0 likes

Not sure the wheel supports are actually necessary, more - as the article mentioned - to stop scuffing up the wall. Weight and leverage wise, the fixing should be good for a number of walling types. For the same effect i'd be tempted to just cut a couple of slices off the end of a bit of foam pipe insulation, and pop them over the bottom of the wheels when popped the bike up. Assuming I had bought one anyway. Which I wouldn't for £ 45. As Geraint said, if they were significantly cheaper i'd actually buy a couple - something that's useful at the moment - for the asking price, i'd buy none. Hoping they come down in price in the market place soon.....

 

Edit : Just playing around, looks like not having the wheel supports seems to naturally work best with the bike vertical (ish)  1 .... In hindsight, perhaps I shouldn't have been too surprised about that.

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Peowpeowpeowlasers [572 posts] 1 week ago
0 likes
fukawitribe wrote:

Not sure the wheel supports are actually necessary, more - as the article mentioned - to stop scuffing up the wall. Weight and leverage wise, the fixing should be good for a number of walling types. For the same effect i'd be tempted to just cut a couple of slices off the end of a bit of foam pipe insulation, and pop them over the bottom of the wheels when popped the bike up. Assuming I had bought one anyway. Which I wouldn't for £ 45. As Geraint said, if they were significantly cheaper i'd actually buy a couple - something that's useful at the moment - for the asking price, i'd buy none. Hoping they come down in price in the market place soon.....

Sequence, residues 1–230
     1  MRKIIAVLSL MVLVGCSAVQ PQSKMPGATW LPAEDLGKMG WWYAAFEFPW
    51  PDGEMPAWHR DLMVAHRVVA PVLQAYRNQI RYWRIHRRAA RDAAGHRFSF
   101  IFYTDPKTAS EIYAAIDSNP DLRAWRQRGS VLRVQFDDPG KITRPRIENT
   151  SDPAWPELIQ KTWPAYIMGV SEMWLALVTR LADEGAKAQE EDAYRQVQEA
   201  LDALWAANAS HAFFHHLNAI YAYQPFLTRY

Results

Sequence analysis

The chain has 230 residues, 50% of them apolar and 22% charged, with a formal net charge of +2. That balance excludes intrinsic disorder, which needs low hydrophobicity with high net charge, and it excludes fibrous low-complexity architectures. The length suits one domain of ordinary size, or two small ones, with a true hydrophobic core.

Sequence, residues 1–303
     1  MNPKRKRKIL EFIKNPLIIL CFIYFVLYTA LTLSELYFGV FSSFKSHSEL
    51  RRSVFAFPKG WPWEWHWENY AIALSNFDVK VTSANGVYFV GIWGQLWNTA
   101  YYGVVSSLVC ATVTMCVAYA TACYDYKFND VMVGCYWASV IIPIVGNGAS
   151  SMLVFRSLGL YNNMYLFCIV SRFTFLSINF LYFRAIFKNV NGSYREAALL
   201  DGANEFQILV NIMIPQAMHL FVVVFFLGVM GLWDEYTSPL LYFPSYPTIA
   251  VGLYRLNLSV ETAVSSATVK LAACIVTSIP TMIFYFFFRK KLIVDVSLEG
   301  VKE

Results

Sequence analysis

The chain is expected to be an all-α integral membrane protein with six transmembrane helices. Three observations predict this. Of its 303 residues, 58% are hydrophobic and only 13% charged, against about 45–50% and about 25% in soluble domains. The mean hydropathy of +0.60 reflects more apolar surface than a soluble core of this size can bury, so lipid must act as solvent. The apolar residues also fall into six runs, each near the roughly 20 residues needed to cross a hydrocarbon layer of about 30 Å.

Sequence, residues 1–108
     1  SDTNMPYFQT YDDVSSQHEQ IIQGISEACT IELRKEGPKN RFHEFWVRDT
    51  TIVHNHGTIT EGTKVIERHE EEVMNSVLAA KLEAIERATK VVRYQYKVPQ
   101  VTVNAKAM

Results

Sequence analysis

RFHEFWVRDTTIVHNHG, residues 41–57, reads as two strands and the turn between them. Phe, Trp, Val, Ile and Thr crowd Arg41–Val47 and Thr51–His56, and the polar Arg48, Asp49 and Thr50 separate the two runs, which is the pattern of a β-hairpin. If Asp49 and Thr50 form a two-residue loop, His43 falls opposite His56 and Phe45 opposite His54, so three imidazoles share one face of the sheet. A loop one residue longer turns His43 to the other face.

Edit : Just playing around, looks like not having the wheel supports seems to naturally work best with the bike vertical (ish)  1 .... In hindsight, perhaps I shouldn't have been too surprised about that.

The wheel supports are essential because without them, the bike will rotate around the pedal axle and fall off the wall.

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fukawitribe [2136 posts] 1 week ago
0 likes
Peowpeowpeowlasers wrote:
fukawitribe wrote:

[snip]

Edit : Just playing around, looks like not having the wheel supports seems to naturally work best with the bike vertical (ish)  1 .... In hindsight, perhaps I shouldn't have been too surprised about that.

The wheel supports are essential because without them, the bike will rotate around the pedal axle and fall off the wall.

You only need one to stop the rotation, which can be quite wide and so suit many bike sizes, and i'd put a small bet on that you can get away with none (or with a foam bumper on the wheel as mentioned earlier) - with the Speedplay one at least - without pulling off the wall. My bike just hangs happily upside-down if I suspend it by one pedal.

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marionr [13 posts] 1 week ago
3 likes

I use the Mottez Bike Pedal Wall Mount from Halfords (£6.99) for my heavy hybrid. The wall is bricks but I imagine it would work on other types of wall.

It works exactly the same way but for a fraction of the price. The angle means that I can walk under the bike without the pedals sticking out (mind you I am quite short).

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fukawitribe [2136 posts] 1 week ago
0 likes
marionr wrote:

I use the Mottez Bike Pedal Wall Mount from Halfords (£6.99) for my heavy hybrid. The wall is bricks but I imagine it would work on other types of wall.

It works exactly the same way but for a fraction of the price. The angle means that I can walk under the bike without the pedals sticking out (mind you I am quite short).

Thanks for the heads-up on those, seems like there's a few types - completely missed all of them last time I looked, i'll grab a couple and play. Cheers